The Tragedy of Desiring Sex
A sermon by Coty Pinckney, Desiring God Community Church, Charlotte, NC, Sunday, 4/30/2006
Go into any grocery store this month and somewhere near the checkout counter, these words appear in large print on a magazine cover: “Orgasms Unlimited!” Pay your $5.95 and, the magazine promises, you too can find the highest possible delight in endless sexual pleasure.
Promises of sexual pleasure in exchange for money pervade our culture. We see this obviously in pornographic and near pornographic magazines and films. But we also see this in the ever-present attempts by advertisers to get us to associate certain products with sexual pleasure: NFL football, Jack Daniels whiskey, or a new aftershave lotion. Again and again and again in our daily lives, the message blares out at us: “Sex is the greatest joy! Orgasm is your highest delight!”
Given the assumed truth of this message, we see sex as vital for a fulfilled life. Making oneself attractive sexually is therefore key to happiness. So we spend billions of dollars annually not only on cosmetics and clothes but also on botox and breast enlargements. This has led to concern even among secular analysts of our culture. One psychologist writes:
The bar has gotten higher and higher for positive body images. . . . We're seeing increases in all forms of cosmetic surgery as women try to keep up with the images they see all around them. Instead of putting their money into a 401(k) or going on a vacation, many women see this kind of surgery as an investment in themselves.
An investment in themselves? Or an investment in an illusion?
So our culture is awash with the pursuit of beauty and the pursuit of sex. Is there something wrong in this?
By all means. But we must be careful to define what is wrong.
Sexual pleasure is not wrong. Human beauty is not wrong. For we just read Song of Songs 7:6:
“How beautiful and pleasant you are, O loved one, with all your delights!”
And then he goes on to describe her delights explicitly.
Here and elsewhere, the Bible describes sexual pleasure within marriage as exhilarating. Indeed, the author of Proverbs commands men to delight sexually in their wives (Proverbs 5:18-19; see sermon). So what is the problem, then, with our cultural preoccupation with sexuality?
The problem is twofold::
This is the second sermon in our five-part series on the Tragedy of Weak Desires. We began last week by noting that Christianity is not ultimately about self-denial. The Bible teaches that self-denial is a means to an end. And the end is true life. The deepest possible joy. As we read from C.S. Lewis:
If we consider the unblushing promises of reward and the staggering nature of the rewards promised in the Gospels, it would seem that our Lord finds our desires not too strong, but too weak. We are half-hearted creatures, fooling about with drink and sex and ambition when infinite joy is offered us, like an ignorant child who wants to go on making mud pies in a slum because he cannot imagine what is meant by the offer of a holiday at the sea. We are far too easily pleased.
Last week we looked at money in this regard. Many see money as the means to happiness. We countered that myth with three arguments from 1 Timothy 6:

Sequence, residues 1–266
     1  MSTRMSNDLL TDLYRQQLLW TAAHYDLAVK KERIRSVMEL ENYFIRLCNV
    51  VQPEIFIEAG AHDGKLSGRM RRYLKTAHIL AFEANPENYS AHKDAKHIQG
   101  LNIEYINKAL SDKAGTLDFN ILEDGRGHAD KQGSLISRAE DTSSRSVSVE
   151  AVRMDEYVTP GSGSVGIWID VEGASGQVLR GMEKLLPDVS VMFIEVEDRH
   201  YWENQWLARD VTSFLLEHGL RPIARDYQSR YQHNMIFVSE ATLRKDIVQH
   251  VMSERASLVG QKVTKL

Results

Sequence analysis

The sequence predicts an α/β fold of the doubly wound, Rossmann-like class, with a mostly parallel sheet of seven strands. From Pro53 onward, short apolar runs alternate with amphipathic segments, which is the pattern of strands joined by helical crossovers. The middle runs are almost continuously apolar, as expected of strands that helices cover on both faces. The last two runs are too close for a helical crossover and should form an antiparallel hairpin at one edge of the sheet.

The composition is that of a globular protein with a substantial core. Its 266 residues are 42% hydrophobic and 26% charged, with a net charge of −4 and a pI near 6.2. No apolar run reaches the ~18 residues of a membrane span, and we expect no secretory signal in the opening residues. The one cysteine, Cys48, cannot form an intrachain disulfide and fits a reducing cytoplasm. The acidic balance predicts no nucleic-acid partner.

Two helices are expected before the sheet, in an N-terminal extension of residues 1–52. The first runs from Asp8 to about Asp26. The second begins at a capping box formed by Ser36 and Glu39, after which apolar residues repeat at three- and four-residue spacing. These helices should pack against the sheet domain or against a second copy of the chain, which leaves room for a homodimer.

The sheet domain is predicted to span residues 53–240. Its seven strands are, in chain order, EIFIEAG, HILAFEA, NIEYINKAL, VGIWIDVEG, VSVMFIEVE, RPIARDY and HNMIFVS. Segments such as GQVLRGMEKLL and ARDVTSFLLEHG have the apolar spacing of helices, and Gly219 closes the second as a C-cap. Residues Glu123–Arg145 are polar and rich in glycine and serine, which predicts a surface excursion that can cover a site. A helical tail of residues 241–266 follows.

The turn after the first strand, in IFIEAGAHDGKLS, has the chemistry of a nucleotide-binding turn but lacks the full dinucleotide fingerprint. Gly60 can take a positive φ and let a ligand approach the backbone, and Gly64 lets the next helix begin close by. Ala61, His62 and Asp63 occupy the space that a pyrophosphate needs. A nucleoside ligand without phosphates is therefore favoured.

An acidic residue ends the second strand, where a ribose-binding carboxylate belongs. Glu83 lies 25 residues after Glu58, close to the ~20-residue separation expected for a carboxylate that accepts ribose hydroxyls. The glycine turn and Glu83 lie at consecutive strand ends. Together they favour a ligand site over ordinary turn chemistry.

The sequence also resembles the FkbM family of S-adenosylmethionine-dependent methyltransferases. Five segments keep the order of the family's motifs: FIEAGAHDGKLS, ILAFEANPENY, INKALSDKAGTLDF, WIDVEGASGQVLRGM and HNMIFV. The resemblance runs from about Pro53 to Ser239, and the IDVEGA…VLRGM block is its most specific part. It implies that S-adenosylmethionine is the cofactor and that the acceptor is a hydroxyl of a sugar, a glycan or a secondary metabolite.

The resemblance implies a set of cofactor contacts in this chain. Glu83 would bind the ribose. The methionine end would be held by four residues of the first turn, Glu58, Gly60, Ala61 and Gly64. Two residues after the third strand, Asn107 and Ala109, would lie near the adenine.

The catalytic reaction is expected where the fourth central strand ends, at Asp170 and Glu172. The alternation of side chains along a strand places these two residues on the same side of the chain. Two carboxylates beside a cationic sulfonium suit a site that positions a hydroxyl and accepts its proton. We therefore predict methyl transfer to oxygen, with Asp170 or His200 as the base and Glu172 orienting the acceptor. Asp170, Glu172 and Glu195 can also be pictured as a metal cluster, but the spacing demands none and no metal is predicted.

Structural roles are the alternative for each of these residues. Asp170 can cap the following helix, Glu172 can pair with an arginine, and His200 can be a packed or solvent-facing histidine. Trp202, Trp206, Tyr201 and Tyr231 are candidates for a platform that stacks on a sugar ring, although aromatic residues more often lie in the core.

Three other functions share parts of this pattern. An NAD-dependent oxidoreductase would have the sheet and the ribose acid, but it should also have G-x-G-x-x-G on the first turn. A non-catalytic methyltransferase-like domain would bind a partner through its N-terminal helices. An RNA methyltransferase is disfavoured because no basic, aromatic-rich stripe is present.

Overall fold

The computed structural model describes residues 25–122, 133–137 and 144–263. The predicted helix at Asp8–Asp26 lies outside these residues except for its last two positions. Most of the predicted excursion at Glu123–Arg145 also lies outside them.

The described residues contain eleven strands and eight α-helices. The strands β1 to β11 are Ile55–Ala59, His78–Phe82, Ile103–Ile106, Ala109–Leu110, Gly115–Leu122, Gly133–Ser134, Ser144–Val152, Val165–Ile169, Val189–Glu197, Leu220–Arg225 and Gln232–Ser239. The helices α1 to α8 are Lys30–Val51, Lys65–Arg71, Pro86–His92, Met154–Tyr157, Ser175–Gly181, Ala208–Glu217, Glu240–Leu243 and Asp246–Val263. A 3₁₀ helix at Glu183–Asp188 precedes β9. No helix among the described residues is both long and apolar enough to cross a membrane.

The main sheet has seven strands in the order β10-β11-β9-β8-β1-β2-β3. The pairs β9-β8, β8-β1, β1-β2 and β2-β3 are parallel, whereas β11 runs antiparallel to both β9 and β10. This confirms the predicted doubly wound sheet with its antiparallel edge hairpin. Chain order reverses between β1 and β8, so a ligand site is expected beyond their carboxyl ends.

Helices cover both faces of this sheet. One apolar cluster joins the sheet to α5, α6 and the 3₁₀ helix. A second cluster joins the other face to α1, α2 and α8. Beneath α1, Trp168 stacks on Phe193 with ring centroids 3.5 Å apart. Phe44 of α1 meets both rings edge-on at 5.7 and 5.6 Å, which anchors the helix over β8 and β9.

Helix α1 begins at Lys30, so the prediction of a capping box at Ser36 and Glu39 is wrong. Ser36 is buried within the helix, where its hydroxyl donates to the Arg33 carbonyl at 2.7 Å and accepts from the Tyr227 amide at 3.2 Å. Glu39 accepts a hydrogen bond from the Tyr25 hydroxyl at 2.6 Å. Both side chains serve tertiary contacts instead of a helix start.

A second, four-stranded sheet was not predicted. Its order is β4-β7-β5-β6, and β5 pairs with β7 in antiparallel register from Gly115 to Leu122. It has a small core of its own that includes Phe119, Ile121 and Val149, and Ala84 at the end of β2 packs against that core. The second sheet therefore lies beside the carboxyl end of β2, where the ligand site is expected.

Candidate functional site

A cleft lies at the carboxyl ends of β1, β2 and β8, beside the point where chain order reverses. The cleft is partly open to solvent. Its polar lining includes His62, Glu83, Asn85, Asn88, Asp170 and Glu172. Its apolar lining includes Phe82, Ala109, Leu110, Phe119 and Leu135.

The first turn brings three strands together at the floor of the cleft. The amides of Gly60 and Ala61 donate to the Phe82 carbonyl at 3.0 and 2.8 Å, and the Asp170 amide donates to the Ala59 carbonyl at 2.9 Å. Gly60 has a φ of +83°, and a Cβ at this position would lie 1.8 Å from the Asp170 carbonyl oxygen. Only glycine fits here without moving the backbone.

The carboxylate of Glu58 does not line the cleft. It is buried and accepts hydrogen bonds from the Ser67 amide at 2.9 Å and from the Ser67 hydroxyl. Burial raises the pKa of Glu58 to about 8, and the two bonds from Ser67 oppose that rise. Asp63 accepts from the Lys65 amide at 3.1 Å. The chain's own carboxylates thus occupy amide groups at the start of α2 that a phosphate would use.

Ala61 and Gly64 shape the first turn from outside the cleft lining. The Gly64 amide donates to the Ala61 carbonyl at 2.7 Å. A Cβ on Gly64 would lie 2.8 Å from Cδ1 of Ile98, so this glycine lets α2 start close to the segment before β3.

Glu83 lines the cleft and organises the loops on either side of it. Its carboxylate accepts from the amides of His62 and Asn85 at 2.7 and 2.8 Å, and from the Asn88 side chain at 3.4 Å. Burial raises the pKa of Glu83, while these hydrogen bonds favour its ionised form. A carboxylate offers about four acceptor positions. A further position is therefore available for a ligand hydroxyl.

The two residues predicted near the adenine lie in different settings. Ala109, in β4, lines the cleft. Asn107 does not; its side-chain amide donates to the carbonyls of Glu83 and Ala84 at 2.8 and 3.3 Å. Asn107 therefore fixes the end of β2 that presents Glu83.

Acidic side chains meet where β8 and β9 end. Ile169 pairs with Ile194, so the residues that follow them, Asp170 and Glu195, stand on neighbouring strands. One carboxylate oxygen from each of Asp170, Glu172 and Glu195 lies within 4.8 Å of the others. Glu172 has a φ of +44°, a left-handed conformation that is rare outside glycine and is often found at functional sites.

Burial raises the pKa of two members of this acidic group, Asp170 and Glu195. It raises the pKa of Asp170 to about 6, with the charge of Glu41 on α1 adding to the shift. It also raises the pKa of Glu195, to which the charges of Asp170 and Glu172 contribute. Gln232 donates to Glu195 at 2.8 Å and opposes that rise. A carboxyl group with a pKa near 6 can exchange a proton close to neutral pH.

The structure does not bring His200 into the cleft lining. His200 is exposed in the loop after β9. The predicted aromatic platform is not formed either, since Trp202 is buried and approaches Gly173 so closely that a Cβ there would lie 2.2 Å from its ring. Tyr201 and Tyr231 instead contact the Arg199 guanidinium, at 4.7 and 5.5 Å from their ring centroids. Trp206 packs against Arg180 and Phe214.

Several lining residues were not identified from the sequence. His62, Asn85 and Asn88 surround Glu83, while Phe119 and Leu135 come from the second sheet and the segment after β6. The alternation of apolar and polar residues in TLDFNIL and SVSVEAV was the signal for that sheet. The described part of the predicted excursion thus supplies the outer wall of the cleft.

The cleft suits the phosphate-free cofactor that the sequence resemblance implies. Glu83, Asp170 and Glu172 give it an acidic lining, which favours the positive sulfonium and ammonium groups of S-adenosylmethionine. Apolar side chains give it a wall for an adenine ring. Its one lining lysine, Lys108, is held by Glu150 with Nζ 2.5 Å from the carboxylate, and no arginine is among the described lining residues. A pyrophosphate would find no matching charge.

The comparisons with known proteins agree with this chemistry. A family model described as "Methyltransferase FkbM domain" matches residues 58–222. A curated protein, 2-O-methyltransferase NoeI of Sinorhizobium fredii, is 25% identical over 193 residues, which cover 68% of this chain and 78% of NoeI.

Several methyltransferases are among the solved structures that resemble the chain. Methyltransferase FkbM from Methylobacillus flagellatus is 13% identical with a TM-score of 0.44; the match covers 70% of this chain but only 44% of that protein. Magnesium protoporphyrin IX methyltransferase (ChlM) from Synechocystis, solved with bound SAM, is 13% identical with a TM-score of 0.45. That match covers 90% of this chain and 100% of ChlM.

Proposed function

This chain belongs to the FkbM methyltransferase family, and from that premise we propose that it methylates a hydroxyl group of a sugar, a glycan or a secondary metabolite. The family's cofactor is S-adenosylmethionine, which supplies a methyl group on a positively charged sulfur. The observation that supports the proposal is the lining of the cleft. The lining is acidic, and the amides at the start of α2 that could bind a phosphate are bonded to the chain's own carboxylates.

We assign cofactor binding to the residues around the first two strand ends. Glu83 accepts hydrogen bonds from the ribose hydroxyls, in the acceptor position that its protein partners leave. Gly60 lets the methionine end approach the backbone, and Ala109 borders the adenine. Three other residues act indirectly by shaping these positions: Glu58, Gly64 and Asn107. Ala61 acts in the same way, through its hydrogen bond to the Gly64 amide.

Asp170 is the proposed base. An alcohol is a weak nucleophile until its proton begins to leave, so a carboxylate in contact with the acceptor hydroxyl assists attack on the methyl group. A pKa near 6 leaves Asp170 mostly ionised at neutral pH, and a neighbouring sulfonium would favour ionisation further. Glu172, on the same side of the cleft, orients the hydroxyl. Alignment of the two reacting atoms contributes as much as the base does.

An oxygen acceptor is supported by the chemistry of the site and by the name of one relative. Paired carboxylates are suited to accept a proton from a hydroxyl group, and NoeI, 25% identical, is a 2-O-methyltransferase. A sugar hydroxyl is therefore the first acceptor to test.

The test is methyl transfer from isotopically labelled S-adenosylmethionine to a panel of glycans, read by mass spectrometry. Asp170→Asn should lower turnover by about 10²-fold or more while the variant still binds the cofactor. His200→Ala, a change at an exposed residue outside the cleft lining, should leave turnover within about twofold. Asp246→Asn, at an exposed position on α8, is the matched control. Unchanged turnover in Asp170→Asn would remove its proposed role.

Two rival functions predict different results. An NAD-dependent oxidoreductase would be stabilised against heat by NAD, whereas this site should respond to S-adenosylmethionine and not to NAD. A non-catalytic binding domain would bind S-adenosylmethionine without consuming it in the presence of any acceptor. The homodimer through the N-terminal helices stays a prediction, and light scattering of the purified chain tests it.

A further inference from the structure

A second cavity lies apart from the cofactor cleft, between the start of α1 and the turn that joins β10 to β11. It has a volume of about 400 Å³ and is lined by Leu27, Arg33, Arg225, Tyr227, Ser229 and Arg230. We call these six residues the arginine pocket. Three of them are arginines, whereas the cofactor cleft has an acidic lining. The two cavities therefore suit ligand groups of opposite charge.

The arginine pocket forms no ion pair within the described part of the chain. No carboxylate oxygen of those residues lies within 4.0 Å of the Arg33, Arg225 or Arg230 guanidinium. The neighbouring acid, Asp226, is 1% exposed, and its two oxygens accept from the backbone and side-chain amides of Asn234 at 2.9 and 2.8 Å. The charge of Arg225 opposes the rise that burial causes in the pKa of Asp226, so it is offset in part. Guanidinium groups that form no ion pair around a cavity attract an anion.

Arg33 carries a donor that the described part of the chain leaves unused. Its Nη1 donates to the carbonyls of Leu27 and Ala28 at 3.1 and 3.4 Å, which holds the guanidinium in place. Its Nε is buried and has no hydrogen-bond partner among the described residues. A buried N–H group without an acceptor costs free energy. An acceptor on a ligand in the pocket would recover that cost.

So Paul exhorts us: Flee from the love of money. Pursue righteousness. Fight the fight of faith to believe that God is the ultimate good. Take hold of the eternal life that is yours.
In preparing this sermon on sexuality, I thought about using the same outline:
These three statements are true. But in an important sense our desire for sex is even more deeply rooted than our desire for money. God created human sexuality for a specific purpose. Furthermore, after God had created everything, including human sexuality, He looked over what He had made and saw that it was very good. So in addition to warning about the destructiveness of wrong desires for sex, we need to look deeply into God’s purposes for sex; we need to understand why God made us as sexual creatures.
So this morning we’ll use a different outline:
The joy of sex within marriage is the theme of one entire book of the Bible: Song of Songs (also called Song of Solomon). We’ll look at a few verses to see how the author underlines this joy. First, chapter 1 verse 2. The wife cries out,
Let him kiss me with the kisses of his mouth! For your love is better than wine.
This is not a permissive command to a third party: “You over there, let him kiss me!” Instead, the Hebrew verb form expresses a strong desire or command: “I strongly desire his kisses,” or “He must kiss me!” The wife makes a passionate statement concerning her desire for her husband.
The husband responds in kind a few verses later:
“I compare you, my love, to a mare among Pharaoh's chariots.” (Song of Songs 1:9)
This may not sound particularly complementary to our ears. But consider: What type of horses pulled Pharaoh’s chariots? Not mares. Not geldings. But stallions. What would happen if 400 stallions are pulling chariots, when suddenly a mare walks into their midst? She immediately becomes the object of rapt attention of 400 pairs of eyes. So the husband here is saying, “You are extraordinarily attractive, my love!”
In 4:1-5, the husband describes his wife's beauty using more metaphors that seem strange to us today. He says, for example, that her eyes are like doves and her hair like a flock of goats. But he sums up this description in verse 7 with phrases used by all lovers of all cultures of all times:
You are altogether beautiful, my love; there is no flaw in you.
Then 4:16 relates in poetic terms the wife’s invitation to the consummation of the marriage. Note that the garden is a metaphor for the wife’s sexual organs: